08/25/2010 12:40 pm ET Updated Dec 06, 2017

John Wuerffel Living In Van Outside Foreclosed Home In Schaumburg

John Wuerffel wakes up every morning in a green minivan with his pit bull, Dolce. He's ten yards away from the front door of his home in Schaumburg, Illinois, a northwest suburb of Chicago.

Wuerffel bought the home on Hampton Lane in 1971. Now, a padlock on his door, courtesy of HSBC Mortgage Corp., has him living in the front yard.

As is so often the case with foreclosures, Wuerffel's situation isn't simple. A 62-year-old divorcée, he has been diagnosed with bipolar disorder; his wife and children moved away many years ago.

He told NBC Chicago that he's been unemployed for over six years. Now, to make ends meet, "I steal cans," he says. He takes the cans to nearby Michigan, where he can recycle them for 10 cents each. "I gotta live," he told the station.

(Scroll down to watch Wuerffel speak to NBC, and have a look at his property.)

Wuerffel's yard, in an otherwise tranquil suburban neighborhood, is covered with trash, junk, bottles, cans, and four rusted automobiles. Neighbors regularly complain of the unpleasant sights and smells of his property, according to the Chicago Tribune.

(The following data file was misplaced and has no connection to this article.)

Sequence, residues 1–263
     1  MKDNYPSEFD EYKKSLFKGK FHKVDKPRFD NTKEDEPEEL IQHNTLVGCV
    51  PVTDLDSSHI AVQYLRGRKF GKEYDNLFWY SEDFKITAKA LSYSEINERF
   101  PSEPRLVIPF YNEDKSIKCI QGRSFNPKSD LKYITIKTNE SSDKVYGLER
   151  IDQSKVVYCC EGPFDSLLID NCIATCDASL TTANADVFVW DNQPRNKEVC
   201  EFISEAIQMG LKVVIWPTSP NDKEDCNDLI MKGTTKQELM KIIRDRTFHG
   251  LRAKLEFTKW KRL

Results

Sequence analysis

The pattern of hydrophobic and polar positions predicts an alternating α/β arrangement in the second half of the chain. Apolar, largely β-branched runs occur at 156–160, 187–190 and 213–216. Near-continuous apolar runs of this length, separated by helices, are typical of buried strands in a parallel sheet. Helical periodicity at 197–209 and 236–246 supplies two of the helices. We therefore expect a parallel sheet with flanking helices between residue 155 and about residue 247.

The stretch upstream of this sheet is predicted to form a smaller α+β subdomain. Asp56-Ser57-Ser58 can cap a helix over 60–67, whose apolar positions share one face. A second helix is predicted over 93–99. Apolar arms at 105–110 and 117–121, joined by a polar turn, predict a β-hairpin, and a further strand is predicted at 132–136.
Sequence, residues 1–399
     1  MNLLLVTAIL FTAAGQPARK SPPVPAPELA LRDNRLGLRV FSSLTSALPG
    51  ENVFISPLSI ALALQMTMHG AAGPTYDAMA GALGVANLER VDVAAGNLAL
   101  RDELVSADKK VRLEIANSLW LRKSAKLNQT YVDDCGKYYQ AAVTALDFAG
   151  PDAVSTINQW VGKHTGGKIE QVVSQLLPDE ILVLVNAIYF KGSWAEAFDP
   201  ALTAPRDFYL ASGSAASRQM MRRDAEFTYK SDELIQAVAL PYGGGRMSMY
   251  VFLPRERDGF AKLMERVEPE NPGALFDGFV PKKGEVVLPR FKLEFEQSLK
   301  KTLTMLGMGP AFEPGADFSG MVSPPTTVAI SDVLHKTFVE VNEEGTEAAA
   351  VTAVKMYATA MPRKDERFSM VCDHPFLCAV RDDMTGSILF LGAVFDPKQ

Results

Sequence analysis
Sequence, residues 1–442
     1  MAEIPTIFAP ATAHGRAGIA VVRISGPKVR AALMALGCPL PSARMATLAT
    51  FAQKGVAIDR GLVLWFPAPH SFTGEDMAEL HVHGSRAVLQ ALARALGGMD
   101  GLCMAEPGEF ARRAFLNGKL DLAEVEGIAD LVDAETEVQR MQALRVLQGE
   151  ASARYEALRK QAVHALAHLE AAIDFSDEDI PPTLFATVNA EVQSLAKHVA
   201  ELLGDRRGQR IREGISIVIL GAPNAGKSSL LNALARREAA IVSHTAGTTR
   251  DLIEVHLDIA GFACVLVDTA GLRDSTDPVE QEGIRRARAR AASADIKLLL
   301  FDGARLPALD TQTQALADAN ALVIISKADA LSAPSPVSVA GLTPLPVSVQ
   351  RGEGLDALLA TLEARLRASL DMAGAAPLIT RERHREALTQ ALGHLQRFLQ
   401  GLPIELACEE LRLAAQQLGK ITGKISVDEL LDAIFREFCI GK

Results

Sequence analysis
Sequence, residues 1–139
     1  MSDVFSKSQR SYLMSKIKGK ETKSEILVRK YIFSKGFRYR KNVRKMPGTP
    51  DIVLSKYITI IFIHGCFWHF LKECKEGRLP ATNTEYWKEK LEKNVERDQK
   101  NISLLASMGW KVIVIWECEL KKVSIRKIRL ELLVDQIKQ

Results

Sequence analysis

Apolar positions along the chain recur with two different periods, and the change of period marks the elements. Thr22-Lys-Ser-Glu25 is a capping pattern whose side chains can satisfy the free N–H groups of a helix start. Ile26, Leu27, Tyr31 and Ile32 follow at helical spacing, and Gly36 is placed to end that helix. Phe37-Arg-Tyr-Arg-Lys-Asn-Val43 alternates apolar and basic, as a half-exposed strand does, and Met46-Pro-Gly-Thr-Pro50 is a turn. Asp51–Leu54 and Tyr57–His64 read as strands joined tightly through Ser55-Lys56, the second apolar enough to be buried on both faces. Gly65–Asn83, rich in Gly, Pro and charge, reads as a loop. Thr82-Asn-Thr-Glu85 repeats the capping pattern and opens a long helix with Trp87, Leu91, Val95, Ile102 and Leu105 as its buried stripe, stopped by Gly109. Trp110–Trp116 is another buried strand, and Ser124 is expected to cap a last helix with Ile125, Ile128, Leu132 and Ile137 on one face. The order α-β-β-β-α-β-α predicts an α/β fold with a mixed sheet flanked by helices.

This puts the village of Schaumburg in a difficult position. Starting a few years ago, it began taking legal action against him to clean up the property. He now owes liens for the several times workers have come by, removed mountains of garbage, and towed away inoperable vehicles. But there is little more they can do than file housing code violations, and Wuerffel refuses medical or mental treatment.

To make matters worse, HSBC foreclosed on the property earlier this year. Wuerffel says he only owes the bank $9,600; according to the Tribune, a loan officer working with him says his debts are significantly higher.

The mortgage company locked the house out of fear that Wuerffel would damage the property by bring his junk collecting indoors.

For now, he is working to obtain a reverse mortgage, where a bank would buy equity in the house in exchange for cash that Wuerffel could use to pay his debts. Meanwhile, police and social workers regularly visit his house to offer him what little help they can. He will appear in court again on Friday, facing another deadline to clean up his property.

Tonight, he'll sleep in his van, a padlock away from the place he's called home since he was 23-years-old.

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